animation  charts  ClearStory  Communicating_&_Connecting  data  design  fast-changing  fast-paced  GE  infographics  mapping  visualization 
january 2014 by jerryking
Man of the World
May 5, 2003 | New York Magazine | By Marion Maneker.
Newsweek columnist Fareed Zakaria has the perfect intellectual pedigree
(Indian-born, educated at Harvard, conservative) for a fast-changing
world, and the kinds of friends in high places who can push a career
into overdrive. The first Muslim secretary of State? Don’t bet against
it.
Fareed_Zakaria  fast-changing  profile 
october 2010 by jerryking
How to be wise before the event
March 9 2009 | Financial Times | By Stefan Stern.

Restraint is back in fashion in these recessionary times. People have lost their appetite for risk.

But hang on a minute. No risk will mean no reward. You need new markets and customers to grow, and that means taking steps into the unknown. I doubt that anyone will be suggesting, in this newspaper’s new series of articles on the future of capitalism, that risk-taking should be abolished.

Bad risk-management helped get us into the current mess. It is vital that we learn the right lessons about risk from the crisis. What are they?

The new edition of Harvard Business Review contains a lucid piece of analysis from René Stulz, professor of banking and monetary economics at Ohio State University’s Fisher College of Business. While his principal focus is on the financial sector, the diagnosis will be helpful to managers in any business or organisation.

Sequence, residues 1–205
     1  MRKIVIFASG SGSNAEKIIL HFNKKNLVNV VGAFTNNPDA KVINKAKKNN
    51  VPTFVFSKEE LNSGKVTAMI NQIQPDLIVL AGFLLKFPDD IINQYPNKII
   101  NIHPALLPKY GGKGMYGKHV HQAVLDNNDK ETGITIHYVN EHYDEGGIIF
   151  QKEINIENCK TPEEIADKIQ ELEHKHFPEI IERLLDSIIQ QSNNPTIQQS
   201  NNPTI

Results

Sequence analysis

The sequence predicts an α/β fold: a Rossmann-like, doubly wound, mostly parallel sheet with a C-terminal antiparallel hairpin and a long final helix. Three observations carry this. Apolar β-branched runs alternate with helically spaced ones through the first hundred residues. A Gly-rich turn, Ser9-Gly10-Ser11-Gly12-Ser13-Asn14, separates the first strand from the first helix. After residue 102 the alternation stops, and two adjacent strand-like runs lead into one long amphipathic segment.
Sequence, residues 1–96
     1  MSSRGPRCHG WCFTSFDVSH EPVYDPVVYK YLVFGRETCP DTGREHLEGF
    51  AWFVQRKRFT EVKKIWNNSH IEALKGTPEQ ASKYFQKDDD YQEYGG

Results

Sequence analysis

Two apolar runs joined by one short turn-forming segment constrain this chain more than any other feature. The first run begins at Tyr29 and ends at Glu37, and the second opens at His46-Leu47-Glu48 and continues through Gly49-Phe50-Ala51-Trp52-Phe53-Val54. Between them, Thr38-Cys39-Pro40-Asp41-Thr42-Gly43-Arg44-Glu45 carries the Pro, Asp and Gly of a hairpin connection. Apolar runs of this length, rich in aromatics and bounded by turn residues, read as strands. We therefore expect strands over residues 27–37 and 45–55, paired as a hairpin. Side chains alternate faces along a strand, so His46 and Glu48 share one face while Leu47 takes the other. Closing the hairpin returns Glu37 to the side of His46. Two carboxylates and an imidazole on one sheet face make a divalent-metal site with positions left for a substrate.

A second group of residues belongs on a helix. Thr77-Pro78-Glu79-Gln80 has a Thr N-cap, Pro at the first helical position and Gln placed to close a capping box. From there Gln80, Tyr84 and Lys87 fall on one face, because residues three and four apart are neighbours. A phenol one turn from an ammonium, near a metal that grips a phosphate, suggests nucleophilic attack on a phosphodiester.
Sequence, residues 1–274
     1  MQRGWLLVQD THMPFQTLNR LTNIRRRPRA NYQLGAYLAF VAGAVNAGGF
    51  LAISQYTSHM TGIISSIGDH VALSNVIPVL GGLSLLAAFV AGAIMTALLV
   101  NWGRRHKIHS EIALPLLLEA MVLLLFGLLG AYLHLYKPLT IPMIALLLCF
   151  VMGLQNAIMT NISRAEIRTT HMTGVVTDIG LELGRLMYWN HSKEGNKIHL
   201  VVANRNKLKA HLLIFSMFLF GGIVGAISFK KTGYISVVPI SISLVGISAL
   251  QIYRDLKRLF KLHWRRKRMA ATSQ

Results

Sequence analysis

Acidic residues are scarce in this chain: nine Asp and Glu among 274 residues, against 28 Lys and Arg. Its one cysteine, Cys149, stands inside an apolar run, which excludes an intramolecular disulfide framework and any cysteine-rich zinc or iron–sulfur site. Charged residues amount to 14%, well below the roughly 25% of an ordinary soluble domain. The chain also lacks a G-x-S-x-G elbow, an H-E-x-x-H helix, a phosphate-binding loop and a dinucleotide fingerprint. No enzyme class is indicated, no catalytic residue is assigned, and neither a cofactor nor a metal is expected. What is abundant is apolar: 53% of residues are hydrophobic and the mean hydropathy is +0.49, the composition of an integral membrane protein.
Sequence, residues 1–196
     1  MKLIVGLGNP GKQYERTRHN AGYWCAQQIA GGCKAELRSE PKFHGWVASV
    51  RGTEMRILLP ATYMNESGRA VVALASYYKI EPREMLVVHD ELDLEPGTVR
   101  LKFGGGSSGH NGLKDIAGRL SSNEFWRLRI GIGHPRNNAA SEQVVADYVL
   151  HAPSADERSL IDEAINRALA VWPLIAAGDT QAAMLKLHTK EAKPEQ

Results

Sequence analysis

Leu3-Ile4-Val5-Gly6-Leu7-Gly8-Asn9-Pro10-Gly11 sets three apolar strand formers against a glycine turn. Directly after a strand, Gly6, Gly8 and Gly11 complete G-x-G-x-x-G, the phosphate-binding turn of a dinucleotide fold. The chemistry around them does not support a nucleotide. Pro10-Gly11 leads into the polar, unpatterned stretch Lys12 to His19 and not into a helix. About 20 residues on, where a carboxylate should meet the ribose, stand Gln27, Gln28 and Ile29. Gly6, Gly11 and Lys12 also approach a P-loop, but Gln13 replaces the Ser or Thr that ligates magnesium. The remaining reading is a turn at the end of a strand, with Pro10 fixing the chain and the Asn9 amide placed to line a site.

Prof Stulz describes six ways in which risk has been mismanaged. First, there has been too much reliance on historical data among today’s decision-makers. Extrapolating from the past can provide, at best, only partial guidance for the future. Financial innovation has created a new world. No wonder some managers were unprepared for the calamitous fall in asset prices and demand. This collapse was unimaginable to anyone basing their thinking on post-war performance alone.

Second, narrow daily measures – in banking these are known as “value at risk” measures – have underestimated the risks that are being run. The assumption behind a daily measure of risk is that action can be taken quickly (through an asset sale) to remove that risk. But, as the current crisis has shown, such rapid moves become impossible when markets seize up.

Third, knowable risks have been overlooked. Managers who work in silos may appreciate the risks that they personally are exposed to. But they may not see how risks being run elsewhere in the business could affect them too. Someone – a chief risk officer? – needs to track them all.